The Mario Kart 8 Equinox ChampionshipRory Jones
The March Equinox – A Trailer.
The scene was set. A chill breeze swept up and down York Way like a giant broomstick wielded by an even larger groundskeeper. Cars gleamed across the road at American Car Wash (from £8.95). The King’s Cross pond rippled. Every member of the Brainlabs team was, quite literally in some cases, shaking with anticipation ahead of the event of the year: the Mario Kart 8 March Equinox Championship. 32 racers all vying for the top prize: priceless, priceless bragging rights.
A bead of cold sweat stained Alistair Teeney’s (probably) red forehead and stung his eyes. The September graduate recruit couldn’t shake the memory of making the brash assertion that, if he failed to become ‘the best’ at the Wii U’s Mario Kart 8 by the March Equinox, he would resign from his post. The stakes were higher than an alpine steakhouse.
The script was there to be written; grizzled veteran of the track Tanooki Mario (Rory), back from a ten-day sojourn in the Dominican Republic looked destined to return to the circuit in a blaze of headlights, smoke and screeching tires. Luigi (Rich) waited in the wings after a rotten couple of weeks languishing in the doldrums of 3rd, even 4th place, struggling to beat even the greenest of green contenders. Newer racers had begun to show their mettle; Wario (Ellen) and Ludwig (Alice) were showing signs of real talent behind the wheel, whilst Morton (Dan B) and Mario (Liam) seemed to be nearing the ends of long and underwhelming careers. Was it time to hang up the gloves? One last hurrah, maybe; one last chance to prove the critics wrong, that that 4th place finish wasn’t a fluke after all, and to cement their name in Brainlabs Mario Kart 8 folklore.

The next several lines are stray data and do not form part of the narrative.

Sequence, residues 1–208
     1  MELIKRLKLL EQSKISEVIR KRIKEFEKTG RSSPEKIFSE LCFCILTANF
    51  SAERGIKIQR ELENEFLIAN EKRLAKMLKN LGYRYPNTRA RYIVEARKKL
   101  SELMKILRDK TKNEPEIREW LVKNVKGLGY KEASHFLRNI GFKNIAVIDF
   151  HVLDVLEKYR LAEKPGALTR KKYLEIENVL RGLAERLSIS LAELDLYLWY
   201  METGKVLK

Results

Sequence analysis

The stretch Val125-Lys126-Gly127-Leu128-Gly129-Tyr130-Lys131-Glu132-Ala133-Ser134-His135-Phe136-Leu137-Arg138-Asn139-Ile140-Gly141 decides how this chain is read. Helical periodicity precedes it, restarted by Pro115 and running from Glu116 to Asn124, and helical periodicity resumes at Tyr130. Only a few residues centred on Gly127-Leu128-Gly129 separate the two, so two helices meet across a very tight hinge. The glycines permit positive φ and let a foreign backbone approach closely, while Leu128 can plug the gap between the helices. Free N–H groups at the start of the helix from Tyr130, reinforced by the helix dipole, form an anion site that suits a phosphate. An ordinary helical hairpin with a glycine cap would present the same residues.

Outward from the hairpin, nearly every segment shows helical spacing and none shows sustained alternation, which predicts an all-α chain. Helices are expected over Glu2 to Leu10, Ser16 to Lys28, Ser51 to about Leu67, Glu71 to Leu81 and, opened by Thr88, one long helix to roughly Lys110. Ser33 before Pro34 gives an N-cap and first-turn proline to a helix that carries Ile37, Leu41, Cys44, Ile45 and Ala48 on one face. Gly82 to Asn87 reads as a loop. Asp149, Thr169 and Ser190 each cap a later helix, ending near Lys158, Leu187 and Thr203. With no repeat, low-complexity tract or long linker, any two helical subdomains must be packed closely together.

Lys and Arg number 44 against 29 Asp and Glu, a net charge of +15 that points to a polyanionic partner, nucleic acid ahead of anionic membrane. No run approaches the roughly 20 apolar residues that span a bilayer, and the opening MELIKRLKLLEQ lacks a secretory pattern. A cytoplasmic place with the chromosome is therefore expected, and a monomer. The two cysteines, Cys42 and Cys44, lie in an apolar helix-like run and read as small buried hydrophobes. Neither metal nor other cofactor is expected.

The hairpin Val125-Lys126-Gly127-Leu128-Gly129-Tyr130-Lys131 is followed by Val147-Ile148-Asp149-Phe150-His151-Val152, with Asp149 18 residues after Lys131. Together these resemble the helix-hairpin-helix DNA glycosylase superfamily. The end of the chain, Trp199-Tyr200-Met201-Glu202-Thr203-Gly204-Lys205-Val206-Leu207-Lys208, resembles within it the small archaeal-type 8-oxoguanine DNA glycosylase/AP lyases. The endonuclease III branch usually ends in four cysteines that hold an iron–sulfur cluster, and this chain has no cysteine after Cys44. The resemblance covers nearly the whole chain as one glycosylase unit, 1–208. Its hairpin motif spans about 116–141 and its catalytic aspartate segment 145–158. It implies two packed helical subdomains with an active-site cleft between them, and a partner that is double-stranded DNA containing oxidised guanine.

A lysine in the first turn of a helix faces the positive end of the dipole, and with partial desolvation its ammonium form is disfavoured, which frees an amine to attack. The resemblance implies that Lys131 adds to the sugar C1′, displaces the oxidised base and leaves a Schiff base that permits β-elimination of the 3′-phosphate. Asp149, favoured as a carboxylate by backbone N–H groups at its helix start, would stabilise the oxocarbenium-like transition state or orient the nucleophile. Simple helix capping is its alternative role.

Villager (John) had written up a schedule for the races using Google Sheets (other sheets are available). Group stages led to the quarter finals, semis led to the grand finale. El Clásico. Le Championnat. Il Divo. Dos cervezas, por favor, gracias.
Many faltered in the group stages. Predictably. Mario fell way short of what was expected and succumbed to an early exit, citing the ‘Group of Death’ as his excuse. There were flashes of inspiration to be found elsewhere, however; Toad (Liz) squirmed into the quarters by hook or by crook, while newest of newcomers Alex (character yet to be decided) was 1 point short of toppling Waluigi (Zach), an outside favourite.
The Domino’s Pizza, gin & tonics and beers began to take their toll. The atmosphere went from jovial and cheery to a real state of tension. Onlookers began to take sides. Jeers and catcalls were thrown about after Luigi, a favourite for the title, crashed out in the semis to the glamorous yet ruthless Daisy (Dan Gyi). Tanooki Mario, another hot favourite, managed to squeeze past an admirable performance from relative newbie Link (Phil) after the rarest of rare slip ups from the man in the raccoon costume.
Before we knew it, it was upon us. The moment we’d all been waiting for. Months in the making. The grand final was to be played out between Metal Mario (Teeney), Waluigi, Tanooki Mario and Daisy, strong contenders all. A five-race thriller saw Daisy and Metal Mario break away from the pack after competition-defining gaffes from Tanooki and Waluigi, before all was decided on Koopa City, a tough track riddled with steep drops and slippery corners. A barnstorming performance from Tanooki Mario was not enough. It came down to the wire, but after a wasted Bomb-omb from Daisy on the final corner, Metal Mario snatched victory from the jaws of defeat on points. He crossed the line.
His job was safe.
Sky Sports News had an exclusive on all the action, with blow-by-blow accounts, reactions and breaking news. (Jim White was on holiday.)
You can read more about Brainlabs culture in The Brainlabs Handbook a joyous document of everything that matters to us from Gender equality to Mario Kart.